Washington, DC, March 23, 2012 — A central element of the current debate over how to deal with Iran’s nuclear program has focused on the possible difficulty of destroying the Qom underground uranium enrichment facility via air strikes. However, documents posted today by the National Security Archive show that Qom is only the latest in a long series of alleged and real underground facilities that for decades have been a high priority challenge for U.S. and allied intelligence collection and analysis efforts, as well as for military planners.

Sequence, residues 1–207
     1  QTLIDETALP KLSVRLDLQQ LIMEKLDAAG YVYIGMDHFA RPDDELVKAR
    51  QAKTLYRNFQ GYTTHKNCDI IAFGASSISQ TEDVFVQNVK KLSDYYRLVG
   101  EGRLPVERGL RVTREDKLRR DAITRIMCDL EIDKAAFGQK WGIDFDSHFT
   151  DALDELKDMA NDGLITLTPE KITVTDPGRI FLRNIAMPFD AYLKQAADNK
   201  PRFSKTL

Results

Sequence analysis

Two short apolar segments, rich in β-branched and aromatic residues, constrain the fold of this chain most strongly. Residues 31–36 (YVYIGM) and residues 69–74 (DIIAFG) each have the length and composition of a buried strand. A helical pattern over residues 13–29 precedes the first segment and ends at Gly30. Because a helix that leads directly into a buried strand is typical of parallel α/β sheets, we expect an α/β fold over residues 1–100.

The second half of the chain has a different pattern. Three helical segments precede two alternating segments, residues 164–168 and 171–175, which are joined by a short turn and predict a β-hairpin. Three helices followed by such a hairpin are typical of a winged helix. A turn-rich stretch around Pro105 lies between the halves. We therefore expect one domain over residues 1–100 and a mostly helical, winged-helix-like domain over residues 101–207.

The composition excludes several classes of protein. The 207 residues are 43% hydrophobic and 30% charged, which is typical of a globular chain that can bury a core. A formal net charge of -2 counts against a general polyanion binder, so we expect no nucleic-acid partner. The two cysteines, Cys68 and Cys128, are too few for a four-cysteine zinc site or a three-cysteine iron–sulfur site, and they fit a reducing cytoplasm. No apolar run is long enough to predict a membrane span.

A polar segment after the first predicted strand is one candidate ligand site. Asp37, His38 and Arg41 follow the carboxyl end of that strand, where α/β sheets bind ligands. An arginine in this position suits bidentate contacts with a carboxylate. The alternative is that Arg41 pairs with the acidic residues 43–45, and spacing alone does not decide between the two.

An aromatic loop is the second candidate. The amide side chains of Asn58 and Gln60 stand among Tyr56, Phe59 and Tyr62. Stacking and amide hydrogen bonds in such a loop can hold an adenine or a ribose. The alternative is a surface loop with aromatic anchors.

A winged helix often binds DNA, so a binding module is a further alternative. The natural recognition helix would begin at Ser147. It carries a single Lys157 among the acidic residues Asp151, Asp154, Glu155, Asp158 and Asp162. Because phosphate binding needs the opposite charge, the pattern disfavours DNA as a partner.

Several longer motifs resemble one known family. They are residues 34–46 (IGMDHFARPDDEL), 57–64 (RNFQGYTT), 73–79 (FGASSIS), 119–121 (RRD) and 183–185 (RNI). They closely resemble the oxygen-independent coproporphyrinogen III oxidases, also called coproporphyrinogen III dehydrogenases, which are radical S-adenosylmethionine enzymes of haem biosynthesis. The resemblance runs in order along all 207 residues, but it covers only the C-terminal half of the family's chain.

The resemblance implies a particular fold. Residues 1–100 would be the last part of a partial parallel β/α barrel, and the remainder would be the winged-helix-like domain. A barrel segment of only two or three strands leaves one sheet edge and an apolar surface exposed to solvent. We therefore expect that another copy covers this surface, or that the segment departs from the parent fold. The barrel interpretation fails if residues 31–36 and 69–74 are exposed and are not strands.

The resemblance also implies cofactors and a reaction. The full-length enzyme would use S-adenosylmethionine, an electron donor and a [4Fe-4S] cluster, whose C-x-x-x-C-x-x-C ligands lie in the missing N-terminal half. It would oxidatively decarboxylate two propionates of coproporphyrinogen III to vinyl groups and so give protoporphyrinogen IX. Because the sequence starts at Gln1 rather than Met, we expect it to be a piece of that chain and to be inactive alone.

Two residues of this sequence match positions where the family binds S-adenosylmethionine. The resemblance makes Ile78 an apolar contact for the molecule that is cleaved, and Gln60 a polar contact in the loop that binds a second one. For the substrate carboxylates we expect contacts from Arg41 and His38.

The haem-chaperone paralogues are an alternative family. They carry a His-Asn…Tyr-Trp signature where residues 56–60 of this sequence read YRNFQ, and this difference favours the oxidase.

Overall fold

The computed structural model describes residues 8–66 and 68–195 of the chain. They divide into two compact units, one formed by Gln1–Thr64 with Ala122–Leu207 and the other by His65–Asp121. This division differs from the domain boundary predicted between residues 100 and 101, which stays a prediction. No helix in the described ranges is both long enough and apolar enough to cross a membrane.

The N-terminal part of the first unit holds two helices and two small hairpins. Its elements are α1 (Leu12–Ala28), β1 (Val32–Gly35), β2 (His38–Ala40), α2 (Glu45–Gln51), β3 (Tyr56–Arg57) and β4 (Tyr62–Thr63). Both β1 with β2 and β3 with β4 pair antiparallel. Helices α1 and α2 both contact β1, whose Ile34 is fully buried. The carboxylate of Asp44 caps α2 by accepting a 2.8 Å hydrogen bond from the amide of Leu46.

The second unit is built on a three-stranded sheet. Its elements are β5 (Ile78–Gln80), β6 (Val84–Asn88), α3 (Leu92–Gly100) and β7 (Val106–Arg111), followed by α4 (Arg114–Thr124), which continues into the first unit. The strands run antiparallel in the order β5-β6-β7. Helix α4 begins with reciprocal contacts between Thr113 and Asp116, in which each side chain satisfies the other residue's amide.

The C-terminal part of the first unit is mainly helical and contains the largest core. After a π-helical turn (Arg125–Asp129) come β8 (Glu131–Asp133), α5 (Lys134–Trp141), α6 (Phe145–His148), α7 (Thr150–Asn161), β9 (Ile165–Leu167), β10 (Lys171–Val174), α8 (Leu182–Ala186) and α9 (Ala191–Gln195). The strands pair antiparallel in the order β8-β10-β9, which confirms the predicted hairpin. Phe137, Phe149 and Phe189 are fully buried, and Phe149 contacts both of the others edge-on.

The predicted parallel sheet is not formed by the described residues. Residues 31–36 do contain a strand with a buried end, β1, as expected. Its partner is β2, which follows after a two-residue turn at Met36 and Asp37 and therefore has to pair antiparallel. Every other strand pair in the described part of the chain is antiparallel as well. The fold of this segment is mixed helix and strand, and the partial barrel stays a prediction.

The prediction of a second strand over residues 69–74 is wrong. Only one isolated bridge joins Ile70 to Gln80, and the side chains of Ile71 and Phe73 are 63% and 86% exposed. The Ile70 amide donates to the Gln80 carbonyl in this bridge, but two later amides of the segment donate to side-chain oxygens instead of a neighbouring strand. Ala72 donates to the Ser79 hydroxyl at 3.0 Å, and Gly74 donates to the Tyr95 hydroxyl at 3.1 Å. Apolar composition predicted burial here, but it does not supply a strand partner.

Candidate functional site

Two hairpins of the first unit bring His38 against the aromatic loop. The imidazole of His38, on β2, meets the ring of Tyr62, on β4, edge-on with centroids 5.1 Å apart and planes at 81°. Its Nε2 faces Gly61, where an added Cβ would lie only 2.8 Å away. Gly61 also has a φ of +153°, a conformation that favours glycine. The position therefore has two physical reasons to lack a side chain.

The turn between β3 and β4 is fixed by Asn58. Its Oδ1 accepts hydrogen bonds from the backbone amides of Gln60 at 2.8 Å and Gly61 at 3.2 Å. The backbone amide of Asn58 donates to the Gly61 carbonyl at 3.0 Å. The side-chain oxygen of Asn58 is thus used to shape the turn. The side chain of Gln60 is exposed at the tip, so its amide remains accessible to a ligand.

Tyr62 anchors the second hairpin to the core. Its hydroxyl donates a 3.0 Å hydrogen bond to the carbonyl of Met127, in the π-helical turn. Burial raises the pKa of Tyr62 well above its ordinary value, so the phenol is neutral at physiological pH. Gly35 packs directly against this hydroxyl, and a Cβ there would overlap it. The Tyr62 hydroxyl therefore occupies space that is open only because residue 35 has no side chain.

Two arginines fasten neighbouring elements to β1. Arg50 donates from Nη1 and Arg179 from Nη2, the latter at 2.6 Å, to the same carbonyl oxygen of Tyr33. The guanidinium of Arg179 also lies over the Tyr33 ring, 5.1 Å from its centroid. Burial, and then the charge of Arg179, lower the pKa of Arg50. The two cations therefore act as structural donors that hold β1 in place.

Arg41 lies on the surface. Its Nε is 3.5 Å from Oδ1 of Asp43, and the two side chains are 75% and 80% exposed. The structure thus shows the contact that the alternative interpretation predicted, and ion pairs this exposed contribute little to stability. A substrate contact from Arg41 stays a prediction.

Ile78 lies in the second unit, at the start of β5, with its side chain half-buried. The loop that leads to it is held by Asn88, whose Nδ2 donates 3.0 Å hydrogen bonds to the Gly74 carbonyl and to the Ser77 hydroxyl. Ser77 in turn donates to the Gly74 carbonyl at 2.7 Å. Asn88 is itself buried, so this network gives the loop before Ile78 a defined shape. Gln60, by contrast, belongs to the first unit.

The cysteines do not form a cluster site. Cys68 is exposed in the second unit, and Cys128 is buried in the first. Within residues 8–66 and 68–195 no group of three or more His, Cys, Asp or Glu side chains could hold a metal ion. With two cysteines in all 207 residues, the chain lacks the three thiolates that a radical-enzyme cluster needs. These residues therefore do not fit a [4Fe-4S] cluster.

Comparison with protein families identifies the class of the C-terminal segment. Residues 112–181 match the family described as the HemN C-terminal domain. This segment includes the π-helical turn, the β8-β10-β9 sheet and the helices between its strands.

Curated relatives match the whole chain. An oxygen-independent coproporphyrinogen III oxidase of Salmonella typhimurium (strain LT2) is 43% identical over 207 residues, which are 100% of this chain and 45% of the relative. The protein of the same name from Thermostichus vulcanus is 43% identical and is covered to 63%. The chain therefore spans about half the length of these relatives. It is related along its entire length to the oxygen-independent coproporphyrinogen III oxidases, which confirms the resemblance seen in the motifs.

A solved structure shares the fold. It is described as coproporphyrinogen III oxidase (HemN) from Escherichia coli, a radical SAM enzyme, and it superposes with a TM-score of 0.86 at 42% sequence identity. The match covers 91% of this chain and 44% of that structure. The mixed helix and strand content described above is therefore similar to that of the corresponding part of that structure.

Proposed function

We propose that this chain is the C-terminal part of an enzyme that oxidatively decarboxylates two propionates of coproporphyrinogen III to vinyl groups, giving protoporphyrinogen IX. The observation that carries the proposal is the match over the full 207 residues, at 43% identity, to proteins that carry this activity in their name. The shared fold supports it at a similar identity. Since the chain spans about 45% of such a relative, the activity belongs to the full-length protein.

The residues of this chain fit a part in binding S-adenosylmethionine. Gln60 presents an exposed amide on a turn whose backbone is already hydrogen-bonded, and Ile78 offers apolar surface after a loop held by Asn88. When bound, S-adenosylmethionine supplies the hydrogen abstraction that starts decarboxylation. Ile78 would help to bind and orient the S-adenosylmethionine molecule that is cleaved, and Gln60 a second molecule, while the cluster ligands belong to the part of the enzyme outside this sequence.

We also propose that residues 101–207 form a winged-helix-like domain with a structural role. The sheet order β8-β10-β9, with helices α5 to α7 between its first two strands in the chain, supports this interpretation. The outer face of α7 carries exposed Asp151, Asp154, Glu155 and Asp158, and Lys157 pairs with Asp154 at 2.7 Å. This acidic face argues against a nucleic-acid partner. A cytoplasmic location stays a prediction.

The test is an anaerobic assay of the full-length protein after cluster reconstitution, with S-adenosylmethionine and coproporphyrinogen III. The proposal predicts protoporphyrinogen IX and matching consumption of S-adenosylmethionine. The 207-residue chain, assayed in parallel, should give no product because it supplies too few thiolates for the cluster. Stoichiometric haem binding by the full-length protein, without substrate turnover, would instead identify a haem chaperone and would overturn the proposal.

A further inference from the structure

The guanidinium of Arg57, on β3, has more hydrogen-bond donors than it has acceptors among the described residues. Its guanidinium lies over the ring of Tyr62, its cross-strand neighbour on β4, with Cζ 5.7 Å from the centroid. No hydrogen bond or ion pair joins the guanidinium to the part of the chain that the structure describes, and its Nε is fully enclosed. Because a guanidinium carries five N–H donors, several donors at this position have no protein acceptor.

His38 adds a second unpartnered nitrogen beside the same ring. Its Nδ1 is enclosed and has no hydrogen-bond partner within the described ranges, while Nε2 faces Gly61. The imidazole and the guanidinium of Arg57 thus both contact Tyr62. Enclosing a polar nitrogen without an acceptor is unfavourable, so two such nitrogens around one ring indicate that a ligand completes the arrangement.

The documents featured in this posting describe in detail the agencies and programs the U.S. government has brought to the task of identifying and assessing underground structures in foreign countries since World War II. Internal records indicate there are more than 10,000 such facilities worldwide, many of them in hostile territory, and many presumably intended to hide or protect lethal military equipment and activities, including weapons of mass destruction, that could threaten U.S. or allied interests.
The records (and introductory essay by Archive Fellow Jeffrey T. Richelson) also discuss the vast complexities of gathering and analyzing intelligence on these facilities, and detail several of the highly technical methods U.S. agencies have developed for the purpose over time.
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